This work is sequential in the sense that starting from an initial guess, the knowledge of the system grows and models get more and more accurate and detailed as the work proceeds.
Based on a good knowledge of the phenomena, valuable tips concerning optimal operating parameters (such as temperature and pressure range as well as restricting phenomena) can be given to the next stages. The degree of detail has to be chosen in order to serve the model usefully.
Practically, the best solution is to describe the most relevant phenomena in a detailed way, whereas the less important ones will be left approximate or in an empirical state.
2. Simulation Models at Conceptual Design Stage
The establishing of the optimal process structure and the best operating conditions characterizes the process development at this stage. Firstly, attention must be focused on the synthesis of the process. The extent to which models can be used in this phase varies. If we have a new process, information from similar cases may not be available at this stage. In the opposite situation, when the chemical components are well known, which usually means that their properties and all related parameters can be found in databanks, the models can be used to quickly check new process ideas. For example, at this stage, for a multiple-component distillation problem, models are used to identify key and non-key components, optimum distillation sequence, the number of ideal stages, the position of feed, etc. At this stage also, we always focus on the full-scale plant. Another question is how the concept will be carried out in the pilot phase. It is known that for this stage, the equipment does not have to be a miniature of the full scale.
The practice has shown that the choices made here affect both investment and operating costs later on. An image of the full-scale plant should also be obtained.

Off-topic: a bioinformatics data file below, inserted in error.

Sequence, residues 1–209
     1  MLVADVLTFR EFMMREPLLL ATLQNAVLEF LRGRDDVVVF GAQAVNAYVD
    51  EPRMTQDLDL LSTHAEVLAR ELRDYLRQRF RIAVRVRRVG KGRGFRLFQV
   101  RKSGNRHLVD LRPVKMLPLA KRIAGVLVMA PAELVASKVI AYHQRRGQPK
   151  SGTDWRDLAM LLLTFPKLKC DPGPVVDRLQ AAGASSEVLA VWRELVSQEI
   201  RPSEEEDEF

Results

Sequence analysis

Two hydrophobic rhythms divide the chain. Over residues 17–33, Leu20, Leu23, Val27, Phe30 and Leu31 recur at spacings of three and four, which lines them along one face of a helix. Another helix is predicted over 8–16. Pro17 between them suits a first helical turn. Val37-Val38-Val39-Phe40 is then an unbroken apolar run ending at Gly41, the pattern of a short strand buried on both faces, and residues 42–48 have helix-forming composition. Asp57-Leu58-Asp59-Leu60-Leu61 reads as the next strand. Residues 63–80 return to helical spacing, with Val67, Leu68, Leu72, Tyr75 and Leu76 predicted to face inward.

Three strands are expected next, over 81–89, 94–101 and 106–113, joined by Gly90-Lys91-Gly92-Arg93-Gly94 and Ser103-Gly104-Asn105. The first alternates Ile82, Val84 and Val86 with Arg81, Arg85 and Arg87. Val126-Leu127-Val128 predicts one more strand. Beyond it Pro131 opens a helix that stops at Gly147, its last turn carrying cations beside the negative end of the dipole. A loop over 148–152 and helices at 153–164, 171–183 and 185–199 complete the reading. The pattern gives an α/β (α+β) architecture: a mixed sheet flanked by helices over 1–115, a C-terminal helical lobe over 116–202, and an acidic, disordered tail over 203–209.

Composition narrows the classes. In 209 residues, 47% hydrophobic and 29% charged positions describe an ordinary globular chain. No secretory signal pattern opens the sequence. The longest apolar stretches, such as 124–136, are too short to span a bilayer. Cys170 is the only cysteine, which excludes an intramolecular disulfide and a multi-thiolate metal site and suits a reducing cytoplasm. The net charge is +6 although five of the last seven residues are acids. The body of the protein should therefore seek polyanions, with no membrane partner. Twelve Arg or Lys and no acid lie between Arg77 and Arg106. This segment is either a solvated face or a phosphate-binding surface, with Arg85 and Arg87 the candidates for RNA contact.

The researchers who work at this level will propose some design computations which are needed by the piloting stage of process life-cycle. Their flow-sheet is the basis of the pilot design or development.
3. Modeling at Pilot Stage
The whole process concept is generally improved in the pilot plant. We can transform this stage into a process analysis made of models if enough experimental data and knowledge about the process exist (for example when we reuse some old processes). For reference, we should mention that other situations are important, such as, for example, knowing that a pilot plant provides relatively easy access to the actual conditions of the process. Some by-pass or small streams could be taken off from the pilot unit and be used in the operation of apparatuses specially designed for the experimental work. Now the models should be ready, except for the correct values of the parameters related to the equipment.
A special pilot stage feature consists in adding the equations describing the non-ideal process hardware to the model in order to compute efficiency (tray efficiency, heat exchanger efficiency, non-ideality numbers, etc). This stage is strongly limited in time, so, to be efficient, researchers must prepare a careful experimental program. It may be impossible to foresee all the details since the experimentation related to the estimation of parameters is often carried out in sequences, but still, a systematic preparation and organization of the work to be done remains useful.
It is important to remember, that the goal of the pilot stage in terms of modeling is to get a valid mass and energy balance model and to validate the home-made models.